Delilah’s Mirror Episode 3: An Epiphany

My quest for beauty stems from the fact that my grandmother’s valuation of my worth was based on my looks, i.e., I was fat and that was unacceptable for a good, young Southern lady (I was 5), whose figure should match her manners and politesse–whose figure and manners and politesse should be used for the catching of a husband.

It didn’t matter that I was smart and funny and charming and cute. Furthermore, it didn’t matter that I was her granddaughter and was worth valuation because I carried her DNA. It did matter that I wasn’t “more slender like your Aunt Mary Jane.” It did matter that I was fat, and I was never going to get married if I didn’t lose weight.

My father tried to instill in me the fact that I was lovely just because I was his daughter, but it never took – partly because he kept my hair boy-short and refused my efforts toward femininity, and partly because I was fat. The combination was deadly. I was ugly. No two ways about it.

I spent my Friday nights watching Knight Rider and Remington Steel, and my Saturday nights watching Love Boat and Fantasy Island instead of dating and forming appropriate coping mechanisms for man-woman relationships.

Oh, I related to boys all right, but not as a girl. I could shoot a gun, fish, and throw a curve ball better than any of my male friends. Now I can ride a bigger motorcycle and fix it faster than any of my male friends – if I had any male friends, because I have no desire to keep men as friends.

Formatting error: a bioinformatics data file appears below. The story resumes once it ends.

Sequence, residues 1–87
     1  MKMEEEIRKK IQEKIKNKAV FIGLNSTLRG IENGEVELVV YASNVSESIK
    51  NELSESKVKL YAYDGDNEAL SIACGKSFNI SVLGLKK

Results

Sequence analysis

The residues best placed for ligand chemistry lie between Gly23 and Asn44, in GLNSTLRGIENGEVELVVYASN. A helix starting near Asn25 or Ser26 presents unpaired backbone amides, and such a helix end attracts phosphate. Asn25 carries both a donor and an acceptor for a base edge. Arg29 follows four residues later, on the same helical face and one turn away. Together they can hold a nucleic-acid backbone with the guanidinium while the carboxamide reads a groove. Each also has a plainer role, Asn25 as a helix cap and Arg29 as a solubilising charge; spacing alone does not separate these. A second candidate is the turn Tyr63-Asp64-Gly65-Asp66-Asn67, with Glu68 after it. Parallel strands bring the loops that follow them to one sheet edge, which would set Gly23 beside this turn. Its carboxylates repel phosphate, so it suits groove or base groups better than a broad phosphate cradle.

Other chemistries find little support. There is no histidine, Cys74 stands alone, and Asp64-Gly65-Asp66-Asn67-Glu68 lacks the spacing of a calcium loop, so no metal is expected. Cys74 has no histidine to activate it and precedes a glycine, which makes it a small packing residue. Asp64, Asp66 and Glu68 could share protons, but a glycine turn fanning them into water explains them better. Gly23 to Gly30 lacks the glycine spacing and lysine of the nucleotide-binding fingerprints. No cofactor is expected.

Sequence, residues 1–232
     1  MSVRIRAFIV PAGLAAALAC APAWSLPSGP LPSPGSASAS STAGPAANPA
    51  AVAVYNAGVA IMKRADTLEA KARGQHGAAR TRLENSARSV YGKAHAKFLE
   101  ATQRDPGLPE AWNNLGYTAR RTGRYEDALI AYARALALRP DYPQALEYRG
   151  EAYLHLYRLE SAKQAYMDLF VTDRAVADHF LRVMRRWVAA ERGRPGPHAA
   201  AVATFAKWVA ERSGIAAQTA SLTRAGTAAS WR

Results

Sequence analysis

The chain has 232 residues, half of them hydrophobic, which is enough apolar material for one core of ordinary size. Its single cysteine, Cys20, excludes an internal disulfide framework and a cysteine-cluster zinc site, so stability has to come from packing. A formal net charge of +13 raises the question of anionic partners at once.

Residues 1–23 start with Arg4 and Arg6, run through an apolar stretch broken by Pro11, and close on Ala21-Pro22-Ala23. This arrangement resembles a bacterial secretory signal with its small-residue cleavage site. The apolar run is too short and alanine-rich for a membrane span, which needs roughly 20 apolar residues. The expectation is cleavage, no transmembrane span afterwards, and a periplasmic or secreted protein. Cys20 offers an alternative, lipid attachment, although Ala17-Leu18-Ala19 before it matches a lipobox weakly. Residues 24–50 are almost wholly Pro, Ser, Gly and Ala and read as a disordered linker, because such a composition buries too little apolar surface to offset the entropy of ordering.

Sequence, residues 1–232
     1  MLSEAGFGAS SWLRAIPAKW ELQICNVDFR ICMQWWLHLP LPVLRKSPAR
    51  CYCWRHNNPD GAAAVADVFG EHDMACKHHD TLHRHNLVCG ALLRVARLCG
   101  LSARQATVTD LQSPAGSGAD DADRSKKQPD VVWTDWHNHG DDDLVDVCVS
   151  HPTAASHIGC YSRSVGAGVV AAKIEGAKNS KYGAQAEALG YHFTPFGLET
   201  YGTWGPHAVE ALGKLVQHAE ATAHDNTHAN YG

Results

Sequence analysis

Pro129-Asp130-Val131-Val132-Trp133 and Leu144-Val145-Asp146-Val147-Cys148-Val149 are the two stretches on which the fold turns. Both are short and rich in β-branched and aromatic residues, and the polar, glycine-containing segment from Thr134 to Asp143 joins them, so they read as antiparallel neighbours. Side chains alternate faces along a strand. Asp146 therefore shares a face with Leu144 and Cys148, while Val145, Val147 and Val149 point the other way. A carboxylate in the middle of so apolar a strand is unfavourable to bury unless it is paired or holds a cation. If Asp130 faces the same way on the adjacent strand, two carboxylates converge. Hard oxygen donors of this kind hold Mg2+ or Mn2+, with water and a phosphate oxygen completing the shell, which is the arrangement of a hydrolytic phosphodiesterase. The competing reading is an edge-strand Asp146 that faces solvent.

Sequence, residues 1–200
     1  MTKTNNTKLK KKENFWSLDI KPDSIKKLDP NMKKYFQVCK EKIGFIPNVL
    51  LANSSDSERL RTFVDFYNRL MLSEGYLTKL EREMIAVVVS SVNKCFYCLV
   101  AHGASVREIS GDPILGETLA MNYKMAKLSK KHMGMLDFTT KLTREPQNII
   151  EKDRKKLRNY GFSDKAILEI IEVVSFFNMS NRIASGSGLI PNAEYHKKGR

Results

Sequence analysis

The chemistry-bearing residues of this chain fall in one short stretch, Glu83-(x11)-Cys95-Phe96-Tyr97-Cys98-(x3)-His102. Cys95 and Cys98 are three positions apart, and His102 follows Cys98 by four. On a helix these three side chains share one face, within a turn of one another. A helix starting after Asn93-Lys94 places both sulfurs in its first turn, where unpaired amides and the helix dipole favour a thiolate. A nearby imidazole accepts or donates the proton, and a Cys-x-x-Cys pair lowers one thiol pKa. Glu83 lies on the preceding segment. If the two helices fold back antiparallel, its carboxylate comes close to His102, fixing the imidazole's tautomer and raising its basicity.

It was in my father’s best interest to turn me into a boy, because then he didn’t have to deal with his extreme discomfort of rearing a little girl to sexual maturity.

I don’t blame him. I showed signs of sexual maturity very early on, and I was in constant contact with boys. Keeping me ugly and as hoydenish as possible put a cage around me and hung a sign around my neck that said, “Keep out!” When I began to develop, I was banished from his side as an “associate of mine” because he noticed the men he was talking to at cattle auctions and auto repair garages paid more attention to me than they did to him.

I was clueless then. Now I’m not.

I’m a very sexual woman. My father’s efforts to turn me into a boy failed miserably, and I am now dealing with the consequences of that effort.

After having been a part of the online low carb community for two years, I have come to the conclusion that the great majority of female emotional issues concerning weight loss for women involve one thing: Sex.

  • Having it
  • Getting it
  • Not having it
  • Not getting it
  • Being afraid of it
  • Being afraid of having it
  • Being afraid of not having it
  • Guilt over having it
  • Guilt over getting it
  • Guilt over one’s own sexual desires
  • Guilt over not having sexual desires
  • Having been molested
  • Having been assaulted
  • Guilt over having been molested
  • Guilt over having been assaulted
  • Attracting the wrong people
  • Attracting the right people
  • Not trusting one’s own ability to quash inappropriate advances
  • Not trusting oneself to want to quash inappropriate advances

You get my point.

And even if you think you don’t agree now, you will eventually.

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Delilah’s Mirror Episode 18: Carbohydrate Addiction is Like Hotel California

What is that they say in AA? Once an alcoholic, always an alcoholic? An alcoholic who doesn't drink is a "dry" alcoholic, but an alcoholic nevertheless. Elizabeth Senzee discusses her carbohydrate cravings & struggles with weight loss & food addiction - specifically Carbohydrate Addiction.

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